Saturday, May 21, 2011
Yeah, yeah. I know it was money that could only be used for art and not for museum funds. I still think it's ironic that the amounts were precisely the same...
Here's my KMUW commentary on the Waterwalk sculpture or read it below.
Man, talk about irony… there’s been enough irony in the air lately here in Wichita that they should be running crawls across the bottom of our TV screens: “Warning! Heavy irony in Wichita area atmosphere. Please wear protective head gear especially when in the vicinity of the Wichita City Hall.”
By now, everyone knows about the Wichita City Council’s recent approval of $350,000 to have an abstract sculpture by renowned New York artist Albert Paley erected at WaterWalk. The 38-foot-tall piece is supposed to be a tribute to—among other things—Wichita’s aviation heritage. Yeah. That’s what they said. Our aviation heritage.
This comes less than a year after our Kansas Aviation Museum asked the city for financial help with their desperately needed capital improvement project. The city turned them down. The cost of the Museum’s project: $350,000. The exact amount which the city council is willing to spend on the sculpture which is a tribute to our aviation heritage. That, my friends, is what you call irony.
Why is the Council more interested in symbolism than substance? This sculpture is a symbol of our aviation heritage. The Kansas Aviation Museum is a substantial upholder and steward of that heritage. Our city’s tepid support of this important institution is, as a recent letter writer in the Wichita Eagle pointed out, embarrassing.
The Kansas Aviation Museum cannot even afford to heat and cool most of its building. And our city leaders are paying $350,000 for a sculptural tribute to our aviation heritage? Breathtakingly ironic. They should just embrace its irony and erect a giant iron butterfly. Or, better yet, a led zeppelin. Or… no! I’ve got it! How about a lead balloon?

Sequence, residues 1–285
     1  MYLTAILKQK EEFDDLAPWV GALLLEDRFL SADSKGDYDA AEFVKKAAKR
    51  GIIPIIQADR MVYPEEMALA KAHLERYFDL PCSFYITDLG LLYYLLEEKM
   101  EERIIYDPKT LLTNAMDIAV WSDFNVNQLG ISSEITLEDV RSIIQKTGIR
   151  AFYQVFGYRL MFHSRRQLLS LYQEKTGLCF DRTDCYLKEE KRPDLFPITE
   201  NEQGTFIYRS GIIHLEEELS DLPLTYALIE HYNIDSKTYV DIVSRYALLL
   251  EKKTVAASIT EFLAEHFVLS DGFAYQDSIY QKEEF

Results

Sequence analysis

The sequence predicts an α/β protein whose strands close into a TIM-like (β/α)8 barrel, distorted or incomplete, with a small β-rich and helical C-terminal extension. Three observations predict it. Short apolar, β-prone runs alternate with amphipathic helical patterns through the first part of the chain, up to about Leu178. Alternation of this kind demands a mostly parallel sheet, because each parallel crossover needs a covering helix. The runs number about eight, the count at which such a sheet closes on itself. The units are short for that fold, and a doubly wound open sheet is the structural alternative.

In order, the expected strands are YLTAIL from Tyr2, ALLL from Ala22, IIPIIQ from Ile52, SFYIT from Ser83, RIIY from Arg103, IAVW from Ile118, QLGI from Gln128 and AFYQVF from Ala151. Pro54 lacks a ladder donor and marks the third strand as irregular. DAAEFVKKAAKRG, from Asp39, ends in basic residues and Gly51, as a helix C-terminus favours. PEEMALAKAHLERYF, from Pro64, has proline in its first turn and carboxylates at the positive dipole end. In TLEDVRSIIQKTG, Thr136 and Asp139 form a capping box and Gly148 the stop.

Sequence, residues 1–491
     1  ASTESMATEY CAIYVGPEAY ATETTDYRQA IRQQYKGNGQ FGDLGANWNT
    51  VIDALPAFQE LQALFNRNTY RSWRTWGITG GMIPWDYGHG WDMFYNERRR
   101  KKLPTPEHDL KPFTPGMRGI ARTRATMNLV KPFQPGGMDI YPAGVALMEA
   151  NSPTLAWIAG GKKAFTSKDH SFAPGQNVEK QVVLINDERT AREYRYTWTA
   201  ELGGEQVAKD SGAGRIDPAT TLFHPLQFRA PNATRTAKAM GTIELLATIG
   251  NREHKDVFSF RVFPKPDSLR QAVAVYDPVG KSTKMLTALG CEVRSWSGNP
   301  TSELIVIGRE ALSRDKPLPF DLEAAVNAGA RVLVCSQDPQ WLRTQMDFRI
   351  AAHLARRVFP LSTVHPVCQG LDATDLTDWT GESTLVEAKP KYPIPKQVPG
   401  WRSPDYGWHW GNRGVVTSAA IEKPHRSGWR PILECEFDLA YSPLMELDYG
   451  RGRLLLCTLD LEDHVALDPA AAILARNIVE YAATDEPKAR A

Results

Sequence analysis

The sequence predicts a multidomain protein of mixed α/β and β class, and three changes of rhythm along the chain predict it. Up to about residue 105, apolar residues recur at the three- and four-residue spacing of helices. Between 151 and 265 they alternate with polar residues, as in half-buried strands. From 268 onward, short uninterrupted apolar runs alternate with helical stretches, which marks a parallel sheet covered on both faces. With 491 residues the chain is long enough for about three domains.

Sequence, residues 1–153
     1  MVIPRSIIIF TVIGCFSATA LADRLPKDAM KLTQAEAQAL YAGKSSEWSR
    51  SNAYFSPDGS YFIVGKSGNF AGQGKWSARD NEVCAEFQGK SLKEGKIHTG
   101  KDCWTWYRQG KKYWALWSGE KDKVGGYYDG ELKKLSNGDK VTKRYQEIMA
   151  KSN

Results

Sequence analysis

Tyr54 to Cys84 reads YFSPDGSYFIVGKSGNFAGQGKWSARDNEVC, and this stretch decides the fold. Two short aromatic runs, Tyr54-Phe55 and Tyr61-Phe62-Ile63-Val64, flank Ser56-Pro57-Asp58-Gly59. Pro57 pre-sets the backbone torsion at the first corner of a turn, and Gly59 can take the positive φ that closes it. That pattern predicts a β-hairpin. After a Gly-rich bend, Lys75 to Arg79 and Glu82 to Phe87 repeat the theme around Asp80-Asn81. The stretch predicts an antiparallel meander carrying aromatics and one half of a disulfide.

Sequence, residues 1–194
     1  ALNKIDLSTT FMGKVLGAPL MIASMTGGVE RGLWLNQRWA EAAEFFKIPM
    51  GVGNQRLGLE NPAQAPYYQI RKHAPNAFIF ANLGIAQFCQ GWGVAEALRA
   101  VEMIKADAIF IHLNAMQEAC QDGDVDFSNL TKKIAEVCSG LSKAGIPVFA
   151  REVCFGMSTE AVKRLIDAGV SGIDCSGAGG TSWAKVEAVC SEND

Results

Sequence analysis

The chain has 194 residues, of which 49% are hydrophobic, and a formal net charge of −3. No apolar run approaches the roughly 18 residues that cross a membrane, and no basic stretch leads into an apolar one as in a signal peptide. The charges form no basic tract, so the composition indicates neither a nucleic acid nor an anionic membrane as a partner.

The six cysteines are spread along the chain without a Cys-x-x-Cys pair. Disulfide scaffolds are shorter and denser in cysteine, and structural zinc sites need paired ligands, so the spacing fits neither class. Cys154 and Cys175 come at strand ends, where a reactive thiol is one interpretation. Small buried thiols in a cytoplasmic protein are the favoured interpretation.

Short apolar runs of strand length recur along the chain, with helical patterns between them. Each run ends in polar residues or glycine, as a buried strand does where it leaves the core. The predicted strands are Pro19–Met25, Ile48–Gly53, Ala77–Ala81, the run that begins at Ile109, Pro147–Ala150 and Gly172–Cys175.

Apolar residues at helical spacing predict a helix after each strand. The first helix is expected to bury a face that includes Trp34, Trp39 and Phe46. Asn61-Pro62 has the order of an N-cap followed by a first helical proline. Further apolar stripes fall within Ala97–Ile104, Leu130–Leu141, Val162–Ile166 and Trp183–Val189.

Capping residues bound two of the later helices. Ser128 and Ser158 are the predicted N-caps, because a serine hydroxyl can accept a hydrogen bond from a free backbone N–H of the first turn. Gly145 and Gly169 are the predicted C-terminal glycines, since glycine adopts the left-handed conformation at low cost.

Friday, May 13, 2011
Friend Dan Rouser forwarded this article to me and I thought it blog-worthy:
The Eleven Craziest Things Newt Gingrich Has Ever Said
By George Zornick (from The Nation)
May 11, 2011
Today, former House Speaker Newt Gingrich will announce a run for the presidency. Over his long and checkered career, Newt has said some wild and crazy things—most are deeply offensive, while some are outright bizarre. Here’s the most unhinged Newt-isms, 1989-present.
(1) “I am convinced that if we do not decisively win the struggle over the nature of America, by the time [my grandchildren are] my age they will be in a secular atheist country, potentially one dominated by radical Islamists and with no understanding of what it once meant to be an American.” [Address to Cornerstone Church in Texas, March 2011]
(2) “The idea that a congressman would be tainted by accepting money from private industry or private sources is essentially a socialist argument.” [To Mother Jones magazine, October 1989]
(3) “All I would say is, why did it take so long? The whole thing is strange.” [Speaking to TPM about the recent release of President Obama’s long-form birth certificate, April 2011]
(4) “What if [Obama] is so outside our comprehension, that only if you understand Kenyan, anti-colonial behavior, can you begin to piece together [his actions]? That is the most accurate, predictive model for his behavior.” [To the National Review, September 2010]